Let’s be honest: instrumentally, Within Temptation are not especially adventurous. What they do, they do very well, but epic soloing, shifting time signatures and virtuosity are not their watchwords. The focus of the band – aurally and visually – has always been chanteuse Sharon Den Adel. She is on nothing less than awesome form here: her vocals soar and swoop with assurance, but when it’s needed (as on In The Middle Of The Night and Faster) she possesses some real grit, too. She has an unerring skill for dialling her performance up and down exactly when required and mines every last atom of emotion from what in less capable hands would be much simpler, straightforward fare. As a result, Fire And Ice is beautifully moving; Lost is a shimmering jewel of a song, and closer Stairway To The Skies is utterly gorgeous.
Ironically, though – for a band that has so often impressed with its ballads – it’s the more up-tempo fare that really shines this time out. The band sound tighter than ever, and Sharon’s vocals give already memorable songs the extra push they need to become instant classics. Faster is fantastically defiant; Shot In The Dark anthemic in a way that latter-day Bon Jovi can only dream of; and In The Middle Of The Night is a rollercoaster treat that will have you pressing ‘repeat’ until your finger is bruised.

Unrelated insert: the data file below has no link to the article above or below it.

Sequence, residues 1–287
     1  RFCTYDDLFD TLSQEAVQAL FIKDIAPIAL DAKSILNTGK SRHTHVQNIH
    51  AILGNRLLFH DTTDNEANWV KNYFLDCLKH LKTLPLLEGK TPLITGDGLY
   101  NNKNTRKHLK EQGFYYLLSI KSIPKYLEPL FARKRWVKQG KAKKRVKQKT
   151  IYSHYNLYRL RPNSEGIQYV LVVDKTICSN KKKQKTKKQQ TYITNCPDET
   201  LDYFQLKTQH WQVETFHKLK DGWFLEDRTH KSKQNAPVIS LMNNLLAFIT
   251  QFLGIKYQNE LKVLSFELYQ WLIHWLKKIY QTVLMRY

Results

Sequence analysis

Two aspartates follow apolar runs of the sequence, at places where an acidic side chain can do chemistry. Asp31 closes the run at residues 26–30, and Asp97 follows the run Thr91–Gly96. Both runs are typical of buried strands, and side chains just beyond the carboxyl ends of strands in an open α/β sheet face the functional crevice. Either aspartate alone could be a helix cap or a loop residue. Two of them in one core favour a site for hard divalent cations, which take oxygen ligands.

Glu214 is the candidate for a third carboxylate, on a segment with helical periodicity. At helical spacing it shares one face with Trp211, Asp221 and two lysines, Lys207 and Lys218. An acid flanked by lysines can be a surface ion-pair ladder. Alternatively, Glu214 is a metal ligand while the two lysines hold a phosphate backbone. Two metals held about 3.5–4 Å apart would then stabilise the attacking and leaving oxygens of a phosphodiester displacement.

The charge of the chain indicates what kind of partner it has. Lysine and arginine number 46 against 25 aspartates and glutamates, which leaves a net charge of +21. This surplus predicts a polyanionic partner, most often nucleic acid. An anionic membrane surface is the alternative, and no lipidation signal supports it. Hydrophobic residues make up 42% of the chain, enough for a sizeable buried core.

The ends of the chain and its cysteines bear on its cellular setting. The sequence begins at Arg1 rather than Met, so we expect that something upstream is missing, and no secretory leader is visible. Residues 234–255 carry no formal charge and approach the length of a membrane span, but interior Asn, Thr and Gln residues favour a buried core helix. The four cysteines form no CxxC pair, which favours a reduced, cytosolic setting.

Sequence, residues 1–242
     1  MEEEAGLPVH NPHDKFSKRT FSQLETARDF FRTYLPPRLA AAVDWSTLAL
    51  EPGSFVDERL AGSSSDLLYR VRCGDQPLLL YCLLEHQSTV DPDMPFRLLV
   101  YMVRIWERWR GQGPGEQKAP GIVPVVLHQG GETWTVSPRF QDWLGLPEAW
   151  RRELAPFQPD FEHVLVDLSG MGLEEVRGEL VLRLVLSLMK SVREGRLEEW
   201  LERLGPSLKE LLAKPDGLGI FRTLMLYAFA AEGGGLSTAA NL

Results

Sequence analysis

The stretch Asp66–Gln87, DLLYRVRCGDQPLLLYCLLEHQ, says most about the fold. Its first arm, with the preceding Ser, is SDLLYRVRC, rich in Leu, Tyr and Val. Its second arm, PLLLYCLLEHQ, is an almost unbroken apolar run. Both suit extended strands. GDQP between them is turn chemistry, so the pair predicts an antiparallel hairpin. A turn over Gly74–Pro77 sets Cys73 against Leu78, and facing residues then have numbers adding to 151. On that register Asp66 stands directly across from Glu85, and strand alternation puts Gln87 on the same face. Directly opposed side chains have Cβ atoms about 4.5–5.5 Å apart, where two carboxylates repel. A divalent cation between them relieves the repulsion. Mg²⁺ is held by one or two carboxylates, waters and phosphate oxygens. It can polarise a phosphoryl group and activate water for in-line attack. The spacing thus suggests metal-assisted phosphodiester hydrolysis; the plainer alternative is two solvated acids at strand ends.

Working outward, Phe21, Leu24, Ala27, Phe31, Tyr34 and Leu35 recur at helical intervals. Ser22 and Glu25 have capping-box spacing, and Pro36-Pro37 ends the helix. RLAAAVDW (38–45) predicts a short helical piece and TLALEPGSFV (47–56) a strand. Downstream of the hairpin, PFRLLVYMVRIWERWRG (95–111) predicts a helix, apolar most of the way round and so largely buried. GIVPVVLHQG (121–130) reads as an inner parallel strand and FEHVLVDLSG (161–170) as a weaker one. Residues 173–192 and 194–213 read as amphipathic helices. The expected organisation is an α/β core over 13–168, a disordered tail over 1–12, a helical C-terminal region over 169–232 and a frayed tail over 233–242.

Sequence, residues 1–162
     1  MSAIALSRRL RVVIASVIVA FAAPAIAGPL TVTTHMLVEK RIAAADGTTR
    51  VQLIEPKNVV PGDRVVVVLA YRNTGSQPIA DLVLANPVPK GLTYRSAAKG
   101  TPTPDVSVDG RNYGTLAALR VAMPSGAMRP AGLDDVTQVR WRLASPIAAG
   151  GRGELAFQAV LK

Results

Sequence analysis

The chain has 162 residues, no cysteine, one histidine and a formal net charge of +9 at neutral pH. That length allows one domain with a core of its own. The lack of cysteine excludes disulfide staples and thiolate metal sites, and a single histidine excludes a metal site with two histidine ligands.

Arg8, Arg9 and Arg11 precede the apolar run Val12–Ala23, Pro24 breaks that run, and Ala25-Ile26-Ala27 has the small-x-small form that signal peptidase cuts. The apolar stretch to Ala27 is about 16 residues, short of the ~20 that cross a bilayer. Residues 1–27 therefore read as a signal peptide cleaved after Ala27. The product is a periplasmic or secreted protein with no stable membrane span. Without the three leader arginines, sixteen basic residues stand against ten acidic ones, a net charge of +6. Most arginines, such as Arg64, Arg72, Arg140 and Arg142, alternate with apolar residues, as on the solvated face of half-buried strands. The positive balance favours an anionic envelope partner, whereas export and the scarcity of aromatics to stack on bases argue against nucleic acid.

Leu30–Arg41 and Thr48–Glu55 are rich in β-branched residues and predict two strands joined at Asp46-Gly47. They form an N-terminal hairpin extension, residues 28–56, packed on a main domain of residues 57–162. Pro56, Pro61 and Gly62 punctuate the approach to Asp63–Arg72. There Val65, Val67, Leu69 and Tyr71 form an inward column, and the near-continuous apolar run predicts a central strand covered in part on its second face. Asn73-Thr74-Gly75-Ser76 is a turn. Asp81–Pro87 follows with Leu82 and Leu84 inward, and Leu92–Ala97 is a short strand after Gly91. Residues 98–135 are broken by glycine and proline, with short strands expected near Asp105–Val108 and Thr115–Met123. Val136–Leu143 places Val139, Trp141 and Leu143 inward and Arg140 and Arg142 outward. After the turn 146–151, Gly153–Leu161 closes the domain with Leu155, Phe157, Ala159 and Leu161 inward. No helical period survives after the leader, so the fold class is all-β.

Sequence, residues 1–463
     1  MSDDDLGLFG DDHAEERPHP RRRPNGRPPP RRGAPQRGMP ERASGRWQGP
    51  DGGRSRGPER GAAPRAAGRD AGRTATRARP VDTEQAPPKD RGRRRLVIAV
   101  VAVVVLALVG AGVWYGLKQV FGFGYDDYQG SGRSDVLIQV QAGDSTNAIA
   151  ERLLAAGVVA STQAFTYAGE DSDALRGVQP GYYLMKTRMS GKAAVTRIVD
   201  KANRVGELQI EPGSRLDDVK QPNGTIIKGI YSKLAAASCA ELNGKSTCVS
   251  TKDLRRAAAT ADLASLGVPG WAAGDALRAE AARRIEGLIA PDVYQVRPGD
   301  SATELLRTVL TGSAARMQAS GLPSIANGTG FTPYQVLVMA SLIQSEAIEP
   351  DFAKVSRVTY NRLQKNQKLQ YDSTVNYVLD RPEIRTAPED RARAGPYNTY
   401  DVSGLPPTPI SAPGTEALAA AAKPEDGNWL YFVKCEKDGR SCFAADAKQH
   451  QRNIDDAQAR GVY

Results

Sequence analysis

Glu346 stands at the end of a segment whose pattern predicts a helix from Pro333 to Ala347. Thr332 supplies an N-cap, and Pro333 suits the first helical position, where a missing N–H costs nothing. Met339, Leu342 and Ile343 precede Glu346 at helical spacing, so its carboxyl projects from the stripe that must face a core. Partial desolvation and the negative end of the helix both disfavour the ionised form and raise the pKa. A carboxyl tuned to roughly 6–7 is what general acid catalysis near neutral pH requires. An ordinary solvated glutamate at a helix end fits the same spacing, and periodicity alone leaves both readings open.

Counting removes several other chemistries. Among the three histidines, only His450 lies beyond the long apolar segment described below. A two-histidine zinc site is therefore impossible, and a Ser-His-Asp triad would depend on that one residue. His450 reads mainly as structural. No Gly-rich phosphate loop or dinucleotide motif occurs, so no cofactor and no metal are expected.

The Unforgiving even has a concept of sorts, based around events in a comic book series. However, the sons all work so well in isolation that the concept almost feels like an afterthought. What we have here is one of the band’s finest offerings to date; and at the same time, easily their most commercial offering. Diehard Goth metal fans may sneer, but on this form, Within Temptation are most definitely going to have the last laugh.
HIGHLIGHTS: Shot In The Dark, Faster, Iron
 Let England Shake by PJ Harvey
Over the past 20-odd years, Polly Jean Harvey has amassed a body of work that’s the envy of any singer-songwriter you could name. She’s tried her hand at everything from scuzzy indie-metal to elegaic harpsichord-backed balladry, and amazingly, she’s made it work every time. Crossover success and a slew of critical awards have been her reward, and she now enjoys a deserved reputation as a national treasure of sorts.